Sorry, my students' steady stream of "your mom" jokes brings out my inner 14-year old. However, this is the first in my series this summer of training for the masses (see * for dummies) and the point is that your mom (or your grandmother, or your most typewriter-bound secretary) could quite easily Kubuntu (or Ubuntu, or SUSE, or whatever). In fact, some fairly straight-forward training means that the only piece of mainstream Linux that will prove difficult for the technically-challenged user will be installation.
Given that, I'm not going to cover installation in this post. Not only can it vary radically by distribution, but you wouldn't expect the little old secretary in the front office to manage hard disk partitions or reinstall Windows, so we can't reasonably expect any different for Linux. What I do want to cover is what that little old lady will need to understand when she sits down at her desk for the first time in the fall after you've gone open source over the summer. Please keep in mind the audience here (your mom, assuming she's like my mom and doesn't know the difference between MSN and Internet Explorer, but at least knows the difference between a mouse and a keyboard). Also, feel free to talk back below with helpful tips, suggestions, or thoughts on this series (e.g., dumb it down more, give the audience more credit, cover additional topics, etc.). I envision the posts in this series being used as training documents; primers for students, staff, and parents; or talking points for presentations. Let me know if you come up with any other good ways to use them. Here goes...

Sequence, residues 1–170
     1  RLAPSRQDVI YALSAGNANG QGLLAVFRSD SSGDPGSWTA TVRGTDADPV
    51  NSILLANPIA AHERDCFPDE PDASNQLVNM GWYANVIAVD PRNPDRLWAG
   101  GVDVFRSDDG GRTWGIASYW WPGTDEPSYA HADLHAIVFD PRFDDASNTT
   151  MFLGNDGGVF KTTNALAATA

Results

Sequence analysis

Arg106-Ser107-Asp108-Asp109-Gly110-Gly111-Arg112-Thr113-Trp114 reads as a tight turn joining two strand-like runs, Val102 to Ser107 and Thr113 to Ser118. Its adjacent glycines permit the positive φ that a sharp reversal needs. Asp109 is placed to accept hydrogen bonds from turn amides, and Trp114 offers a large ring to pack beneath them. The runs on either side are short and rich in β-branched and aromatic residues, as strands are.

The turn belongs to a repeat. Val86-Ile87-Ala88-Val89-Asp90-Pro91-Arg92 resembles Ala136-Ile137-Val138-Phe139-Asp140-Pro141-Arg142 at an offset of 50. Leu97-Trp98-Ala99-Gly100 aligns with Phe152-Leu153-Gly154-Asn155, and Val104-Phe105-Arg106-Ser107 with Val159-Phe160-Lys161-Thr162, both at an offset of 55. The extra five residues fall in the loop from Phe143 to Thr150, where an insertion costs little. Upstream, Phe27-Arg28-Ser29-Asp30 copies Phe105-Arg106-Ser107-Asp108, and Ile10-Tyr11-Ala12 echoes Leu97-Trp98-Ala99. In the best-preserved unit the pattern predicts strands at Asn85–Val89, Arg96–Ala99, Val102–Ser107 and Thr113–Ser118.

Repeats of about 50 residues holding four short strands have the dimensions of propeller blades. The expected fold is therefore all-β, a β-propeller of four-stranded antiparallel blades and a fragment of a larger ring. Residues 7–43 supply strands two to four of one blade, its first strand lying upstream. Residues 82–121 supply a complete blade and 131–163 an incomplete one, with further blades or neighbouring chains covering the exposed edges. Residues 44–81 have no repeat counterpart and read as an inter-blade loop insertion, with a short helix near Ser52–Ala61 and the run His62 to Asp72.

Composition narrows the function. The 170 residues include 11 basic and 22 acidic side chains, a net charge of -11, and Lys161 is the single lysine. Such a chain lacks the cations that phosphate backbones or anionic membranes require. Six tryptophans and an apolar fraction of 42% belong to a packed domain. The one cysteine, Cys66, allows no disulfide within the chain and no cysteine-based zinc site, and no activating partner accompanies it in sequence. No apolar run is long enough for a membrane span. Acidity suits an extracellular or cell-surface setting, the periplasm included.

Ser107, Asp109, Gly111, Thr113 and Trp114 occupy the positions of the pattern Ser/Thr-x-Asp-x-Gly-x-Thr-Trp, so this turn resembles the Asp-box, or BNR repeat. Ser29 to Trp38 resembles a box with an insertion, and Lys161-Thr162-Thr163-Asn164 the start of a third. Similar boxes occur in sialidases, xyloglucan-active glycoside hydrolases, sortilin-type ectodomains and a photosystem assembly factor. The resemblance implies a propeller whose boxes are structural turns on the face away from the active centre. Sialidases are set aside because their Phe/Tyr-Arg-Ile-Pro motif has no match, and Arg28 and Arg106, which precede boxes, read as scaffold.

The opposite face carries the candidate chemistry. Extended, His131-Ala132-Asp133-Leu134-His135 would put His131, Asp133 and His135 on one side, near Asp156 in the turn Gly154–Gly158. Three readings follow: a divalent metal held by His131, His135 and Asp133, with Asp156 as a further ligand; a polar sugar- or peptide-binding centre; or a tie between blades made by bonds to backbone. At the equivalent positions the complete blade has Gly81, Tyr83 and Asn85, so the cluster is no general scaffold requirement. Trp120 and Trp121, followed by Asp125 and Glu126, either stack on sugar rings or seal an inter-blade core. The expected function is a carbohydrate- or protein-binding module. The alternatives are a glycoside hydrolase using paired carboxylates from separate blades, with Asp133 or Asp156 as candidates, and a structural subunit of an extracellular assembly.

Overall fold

The first thing we need to remember is that it matters little what operating system you use. They all work in much the same way. General navigation and some basic knowledge of applications are all we need to successfully run Windows, Linux, or even Macintosh computers.
Of course some of you may be asking what an operating system is. Or more specifically, what Linux is. Linux runs your computer and gives you a method for interacting with the machine in ways that both you and the computer can understand. Linux is more broadly referred to as an operating system. Operating systems open and close documents, start programs, display information on the screen, and interpret your mouse clicks and keyboard entries. Microsoft Windows XP and Macintosh OSX are other examples of operating systems. While they all do the same things, they do them in different ways and users need to know how to get their jobs done regardless of which operating system they might be using. The operating system shouldn't be confused with applications. Applications, like Microsoft Word, Internet Explorer, and Microsoft Excel are also often called programs and help you do specific things (like write documents, surf the Internet, or create spreadsheets). The operating system, on the other hand, is what allows you to open the applications and switch between them.